Seven-Year-Olds Can Do Calculus Better Than You


High-school aged adults having a calm conversation about conic sections.

Teenagers today only want one thing, and it’s disgusting. It seems that all anyone these days is talking about is how they can master differential equations. That’s right, Calculus is the newest teen sensation that’s sweeping the nation. Gone are the days of social media and Euphoria; all any kid ever talks about is if the limit of the function exists. To figure out just how deeply the calculust has embedded itself in Irvington students, we went undercover at the hottest new teen hangout, CooMawn. 

To get the scoop on why vectors sound like the bad guy from Despicable Me, we forced one of our Staff Writers to walk in and pretend they were bad at math. “I don’t know why they told me to pretend,” said writer Faye Lure. She then proceeded to show us pictures of her display case full of “Worst Competitor” Math Club competition trophies, claiming they were her “most prized possession.” We didn’t even know that was possible. Carrying the weight of her obvious failures as an Irvington student, she walked into CooMawn (or The ‘Mawn as all the cool kids call it) and asked the staff what a derivative was. 

“They immediately sat me down at a desk,” said Lure. “When I asked if they wanted payment upfront, they told me they give large discounts to ‘students in need.’”

Lure found herself at a large desk with two other students, both aged 7. You may be thinking, Surely these kids were there for help with long division or adding fractions? Absolutely not, this is Fremont; they were there for Calculus, obviously.

“I think the largest reason for this surge in math knowledge among young kids is due to the Common Core program,” commented staff member Matt H. Way. “Ask any teacher about the Common Core program, and they can tell you that no one has the slightest idea what it even is. It did, however, serve as an incentive for overzealous parents to force their kids to get into a good middle school. How can any self-respecting future DECA kid expect to make it in the world if they haven’t learned parametric equations by the ripe old age of 11?”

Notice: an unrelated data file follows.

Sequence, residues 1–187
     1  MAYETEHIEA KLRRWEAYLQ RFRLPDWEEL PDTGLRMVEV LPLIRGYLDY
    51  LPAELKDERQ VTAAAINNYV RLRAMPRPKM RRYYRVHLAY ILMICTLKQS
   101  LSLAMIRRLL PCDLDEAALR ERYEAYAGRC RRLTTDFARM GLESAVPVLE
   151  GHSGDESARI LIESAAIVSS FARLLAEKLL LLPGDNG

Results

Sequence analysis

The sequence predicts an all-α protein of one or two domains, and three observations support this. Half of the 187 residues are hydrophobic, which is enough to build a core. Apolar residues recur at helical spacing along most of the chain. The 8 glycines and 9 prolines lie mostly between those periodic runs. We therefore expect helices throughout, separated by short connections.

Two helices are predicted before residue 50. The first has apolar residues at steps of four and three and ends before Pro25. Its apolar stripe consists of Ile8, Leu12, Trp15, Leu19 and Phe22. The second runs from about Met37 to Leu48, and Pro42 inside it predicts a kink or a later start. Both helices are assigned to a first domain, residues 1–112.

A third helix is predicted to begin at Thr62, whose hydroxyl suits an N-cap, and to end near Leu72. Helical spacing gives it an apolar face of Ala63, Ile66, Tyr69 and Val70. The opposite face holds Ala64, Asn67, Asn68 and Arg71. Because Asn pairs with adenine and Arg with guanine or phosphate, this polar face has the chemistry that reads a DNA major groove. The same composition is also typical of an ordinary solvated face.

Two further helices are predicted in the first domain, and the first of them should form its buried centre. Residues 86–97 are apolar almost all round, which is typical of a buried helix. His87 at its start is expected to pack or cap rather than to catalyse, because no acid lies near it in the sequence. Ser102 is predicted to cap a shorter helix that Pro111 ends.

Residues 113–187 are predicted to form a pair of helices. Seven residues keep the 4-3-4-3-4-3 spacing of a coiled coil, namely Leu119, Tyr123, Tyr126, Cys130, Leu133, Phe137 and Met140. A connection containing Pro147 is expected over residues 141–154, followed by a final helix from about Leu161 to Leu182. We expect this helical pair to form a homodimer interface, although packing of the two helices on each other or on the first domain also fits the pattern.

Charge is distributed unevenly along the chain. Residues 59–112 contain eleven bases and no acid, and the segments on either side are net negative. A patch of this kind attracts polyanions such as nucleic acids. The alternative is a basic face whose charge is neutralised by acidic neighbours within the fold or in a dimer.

While our Staff Writer feigned an inability to complete even the simplest of trigonometric integrals, the tryhard second-graders did so with unfathomable ease. 34×34 matrices were no match for prodigy Fo Toemath, who has undergone extensive Calculus tutoring since birth. 

“I may not be able to read a chapter book or cross the street by myself, but I sure as hell can graph a transcendental function!” exclaimed Toemath, who later launched into a progressively more detailed rant on the strange properties of the FUSD cafeterias’ chocolate milk. “My friend took a sip and said he met ‘the hat man.’”

Possibly psychedelic dairy products aside, CooMawn has created many new opportunities for people who are willing to work for (at least 95% less than) minimum wage. 

“I love teaching other people because I get to earn $10 dollars an hour,” claimed seven-year-old Tana Gent while holding up a dime. No one tell her the truth, please.

In fact, with the rise in gas prices, both parents and hiring managers have found it more economically efficient to hire kids in place of tutors. After all, kids are basically free carpool lane access, and with the money they make, they can pay for their own gas usage. So, Toemath now finds himself spending his time after school and on weekends teaching Calculus to underprivileged kids (read: people not in Double Accelerated math). 

An extremely vociferous parent wearing a shirt that read, “PLEASE LET ME IN” appeared to be locked outside the learning center. While this parent will not be named due to legal reasons (the legal reasons are I Am Afraid), she said, “I expect my son to put the slay in Slader.”

And slay he will. While Calc is all the rage, many other kids have decided to get a headstart on high school and have now formed clubs such as DECA Jr. and Mock Mock Trial. With any luck, Generation Alpha will have great success in their college applications due to their outstanding commitment to extracurriculars.